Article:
12/08/2007 write off £1176.10 debt.

 

JD Williams charges refunded in full £640

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defense my foot!

 

you can safely ignore them

 

it makes no odds in all reality the changes

 

dx

please don't hit Quote...just type we know what we said earlier..

DCA's view debtors as suckers, marks and mugs

NO DCA has ANY legal powers whatsoever on ANY debt no matter what it's Type

and they

are NOT and can NEVER  be BAILIFFS. even if a debt has been to court..

If everyone stopped blindly paying DCA's Tomorrow, their industry would collapse overnight... 

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You could make it difficult for them and ask them for a copy of the contract that allows thm to claim parking charge son behalf of the LL as you need this for your defence. If they cannot supply this, then nay future correspondence will regarded as harassment which is a criminal offence. :-)

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The Protection of Freedom act still does not make it worth all the hassle of taking you to court. They have given it their best shot and it's failed.

 

Ignore and move on.

Ash.

 

If you think I have helped you, please add to my reputation by clicking the star button to the left.

Thankyou.

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You could make it difficult for them and ask them for a copy of the contract that allows thm to claim parking charge son behalf of the LL as you need this for your defence. If they cannot supply this, then nay future correspondence will regarded as harassment which is a criminal offence. :-)

 

 

Could you explain this a little more please and what is LL. thanks

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LL = LandLord

 

The jist of the request for sight of the contract is that you are challenging the fact that they have any (contractual) right to operate the carpark on behalf of the landlord and specifically, notwithstanding they can "operate" it, that when someone breaks one of their little made up rules, that they can pursue the driver legally.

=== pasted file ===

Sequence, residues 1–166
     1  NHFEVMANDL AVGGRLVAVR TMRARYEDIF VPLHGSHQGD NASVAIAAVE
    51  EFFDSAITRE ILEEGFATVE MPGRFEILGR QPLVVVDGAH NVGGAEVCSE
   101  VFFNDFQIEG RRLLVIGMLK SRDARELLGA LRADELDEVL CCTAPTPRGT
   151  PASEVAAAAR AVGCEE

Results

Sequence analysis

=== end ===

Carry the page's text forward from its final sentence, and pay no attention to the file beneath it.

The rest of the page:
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LL = LandLord

 

The jist of the request for sight of the contract is that you are challenging the fact that they have any (contractual) right to operate the carpark on behalf of the landlord and specifically, notwithstanding they can "operate" it, that when someone breaks one of their little made up rules, that they can pursue the driver legally.

 

I ahve read a lot about the POPLA and the 35 day so called appeal rule. Would you say it's worth persuing that line as they have not sent me an appeal code as believe they are supposed to.

 

Also in the POF act is failure to pay there invoice classed as reasonable cause?

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I ahve read a lot about the POPLA and the 35 day so called appeal rule. Would you say it's worth persuing that line as they have not sent me an appeal code as believe they are supposed to.

 

Also in the POF act is failure to pay there invoice classed as reasonable cause?

 

 

Take the advice and ignore!

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Don't ignore. POPLA may be a joke but this is a new procedure backed by DVLA, BPA and legislation, weak and useless legislation but non the less. More ppcs are trying their luck with N1 forms at present. Follow protocol, appeal to PPC then to POPLA, Then send a cease and desist letter threatening charges for any direct or third party letters. It's court or nothing. Now ignore. In the unlikely event of a court hearing, you have done your bit and it will show favour. But once again, court is extremely unlikely

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Certain PPC's ( including Parking Eye) seem very reluctant to issue POPLA codes and resort to stalling tactics, such as asking for "proof" that somebody has used the shops on site. This seems to suggest that PPCs are not very happy with going down the POPLA route, because it costs them money, and latest figures indicating that about 60% of appeals are upheld in favour of the motorist.